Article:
6] CycleOps H2 Direct Drive Smart Trainer
The H2 is a futuristic direct-drive unit from CycleOps. It’s capable of immense power, simulating up to 20% inclines all while remaining library-quiet, even at peak intensity. And with its smooth lines and funky design it’ll look great in any modern home.


Non-smart turbo trainers
You’ll need a speed and cadence sensor or a power meter to connect to Zwift if you’re using this type of trainer. Note that the new Zwift iOS app only communicates with your iOS device via Bluetooth, not Ant+.


Our top picks of non-smart turbos for getting up and running with Zwift.

LifeLine TT-02 Fluid Trainer
The robust Lifeline TT-02 is supported by Zwift who have configured its power curve to provide accurate feedback when combined with a speed and cadence sensor and ANT+ stick, giving you an incredible online experience.

Tacx Booster Ultra High Power T2500 Trainer
The top model of the Tacx turbo trainers – even at low speed the powerful magnetic brake generates high resistance; the maximum resistance is 1050 Watt.

Tacx Blue Matic T2650 Trainer
The Blue Matic has a magnetic brake with permanent-magnets. You set the resistance selecting one of the ten different positions via the handlebar resistance lever. During your training session the resistance increases as you cycle faster or switch to a heavier setting.


Essential Zwift turbo training accessories


LifeLine Trainer Table
The LifeLine Trainer Table is height adjustable and will comfortably support your training device, refreshments and nutrition as you tackle your stationary workout.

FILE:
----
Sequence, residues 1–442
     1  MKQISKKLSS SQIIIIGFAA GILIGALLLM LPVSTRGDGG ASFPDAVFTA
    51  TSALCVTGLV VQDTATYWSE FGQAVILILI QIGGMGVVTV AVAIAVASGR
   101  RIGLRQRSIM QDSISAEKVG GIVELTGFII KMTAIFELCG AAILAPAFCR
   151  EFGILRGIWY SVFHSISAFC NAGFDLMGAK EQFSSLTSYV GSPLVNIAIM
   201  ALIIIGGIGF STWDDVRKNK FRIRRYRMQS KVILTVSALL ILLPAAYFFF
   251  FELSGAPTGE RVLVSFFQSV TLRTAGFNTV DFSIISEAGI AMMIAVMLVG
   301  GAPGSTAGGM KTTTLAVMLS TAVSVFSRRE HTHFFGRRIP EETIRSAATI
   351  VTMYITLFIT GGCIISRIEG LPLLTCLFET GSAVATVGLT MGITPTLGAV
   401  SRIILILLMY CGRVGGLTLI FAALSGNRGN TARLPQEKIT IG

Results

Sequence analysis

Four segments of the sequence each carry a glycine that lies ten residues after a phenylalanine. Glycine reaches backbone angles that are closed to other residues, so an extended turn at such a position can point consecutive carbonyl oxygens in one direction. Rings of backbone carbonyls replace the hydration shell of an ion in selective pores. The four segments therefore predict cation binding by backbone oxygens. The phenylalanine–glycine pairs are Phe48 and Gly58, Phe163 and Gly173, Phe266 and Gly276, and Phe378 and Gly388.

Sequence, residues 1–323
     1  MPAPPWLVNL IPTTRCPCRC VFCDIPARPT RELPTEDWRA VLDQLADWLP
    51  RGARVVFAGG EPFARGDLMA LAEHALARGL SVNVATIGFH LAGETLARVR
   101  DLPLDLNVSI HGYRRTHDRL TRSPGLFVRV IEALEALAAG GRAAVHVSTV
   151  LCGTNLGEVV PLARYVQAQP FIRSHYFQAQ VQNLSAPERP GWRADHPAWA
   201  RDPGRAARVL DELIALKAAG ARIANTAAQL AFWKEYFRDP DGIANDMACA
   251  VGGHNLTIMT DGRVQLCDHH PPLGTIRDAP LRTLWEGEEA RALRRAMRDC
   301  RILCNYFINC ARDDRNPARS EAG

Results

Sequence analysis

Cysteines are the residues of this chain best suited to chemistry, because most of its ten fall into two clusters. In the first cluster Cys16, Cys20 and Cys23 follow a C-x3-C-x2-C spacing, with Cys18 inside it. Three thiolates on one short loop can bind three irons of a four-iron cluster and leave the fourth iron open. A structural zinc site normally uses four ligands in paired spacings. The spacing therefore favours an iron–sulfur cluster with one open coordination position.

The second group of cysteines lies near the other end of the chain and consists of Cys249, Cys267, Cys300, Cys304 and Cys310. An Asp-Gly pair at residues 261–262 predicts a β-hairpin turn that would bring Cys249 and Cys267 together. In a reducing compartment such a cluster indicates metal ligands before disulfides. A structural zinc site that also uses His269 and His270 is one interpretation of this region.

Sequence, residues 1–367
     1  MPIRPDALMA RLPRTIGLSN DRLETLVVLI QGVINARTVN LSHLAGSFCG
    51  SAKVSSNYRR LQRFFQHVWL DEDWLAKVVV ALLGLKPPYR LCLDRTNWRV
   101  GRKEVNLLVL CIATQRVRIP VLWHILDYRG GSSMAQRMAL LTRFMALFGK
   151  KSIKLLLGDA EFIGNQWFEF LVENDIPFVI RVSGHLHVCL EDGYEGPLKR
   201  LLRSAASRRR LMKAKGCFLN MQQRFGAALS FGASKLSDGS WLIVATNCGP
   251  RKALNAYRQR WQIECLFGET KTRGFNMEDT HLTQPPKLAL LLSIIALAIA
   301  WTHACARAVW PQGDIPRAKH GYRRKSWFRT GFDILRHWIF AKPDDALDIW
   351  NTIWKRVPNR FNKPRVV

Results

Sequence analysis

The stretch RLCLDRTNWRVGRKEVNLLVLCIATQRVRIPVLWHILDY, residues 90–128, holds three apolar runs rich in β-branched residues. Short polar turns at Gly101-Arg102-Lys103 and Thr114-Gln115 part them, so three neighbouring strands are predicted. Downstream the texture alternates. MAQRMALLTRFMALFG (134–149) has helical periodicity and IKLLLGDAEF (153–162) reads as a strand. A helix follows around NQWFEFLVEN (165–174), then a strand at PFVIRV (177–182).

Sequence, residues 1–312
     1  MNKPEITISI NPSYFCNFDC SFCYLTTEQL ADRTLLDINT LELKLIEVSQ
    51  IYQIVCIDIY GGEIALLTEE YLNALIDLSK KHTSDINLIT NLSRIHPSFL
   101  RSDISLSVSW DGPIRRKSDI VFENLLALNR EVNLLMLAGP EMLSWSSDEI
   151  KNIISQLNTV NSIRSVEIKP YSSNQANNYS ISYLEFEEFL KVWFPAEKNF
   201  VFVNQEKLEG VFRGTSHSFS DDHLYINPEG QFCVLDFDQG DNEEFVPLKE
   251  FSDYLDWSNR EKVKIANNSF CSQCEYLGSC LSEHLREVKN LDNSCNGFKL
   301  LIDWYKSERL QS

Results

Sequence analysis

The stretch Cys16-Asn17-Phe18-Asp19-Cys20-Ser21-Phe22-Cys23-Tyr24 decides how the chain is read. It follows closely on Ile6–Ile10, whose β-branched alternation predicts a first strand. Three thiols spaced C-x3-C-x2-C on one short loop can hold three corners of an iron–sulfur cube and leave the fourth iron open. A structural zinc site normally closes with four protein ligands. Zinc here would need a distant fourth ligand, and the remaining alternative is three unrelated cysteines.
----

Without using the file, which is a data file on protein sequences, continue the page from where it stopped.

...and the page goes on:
Tacx USB ANT+ Antenna For PC
This USB dongle connects wirelessly to Android devices and PCs, relaying all the data from your speed, cadence, and power sensors to your training platform.

Tacx Sweat Cover
The sweat cover protects your smartphone from falling perspiration while giving you full access while on the bike.

LifeLine Speed and Cadence Sensor
Data is the key to improvement and your gateway to online training. LifelLine’s Speed and Cadence Sensor is compatible with ANT+ receivers and mounts discretely on your chainstay, cranks, and spokes.

Skip to a very brief history of the turbo trainer

A very short history of the turbo trainer

The first stationary cycling trainers date back to the late 1800s, and even recognisable wooden rollers were used in the early to mid 1900s. Training on these ungainly contraptions was almost as bad as facing the howling winds and rain on the other side of the wall.

Antique bicycle on antique rollers in US Bicycling Hall of Fame, dating from around the 1930s (Wikicommons).

But over time, the turbo has been developed and perfected, with a range of inventive mechanisms created to give riders a real-world response under their feet. The smart trainer, meanwhile, has breathed new life into those long stationary miles, attracting a range of new riders to keep up the mileage on off days.

This is good news for the sport, raising the bar of competitive advantage and allowing modern cyclists to set new standards of what can be achieved.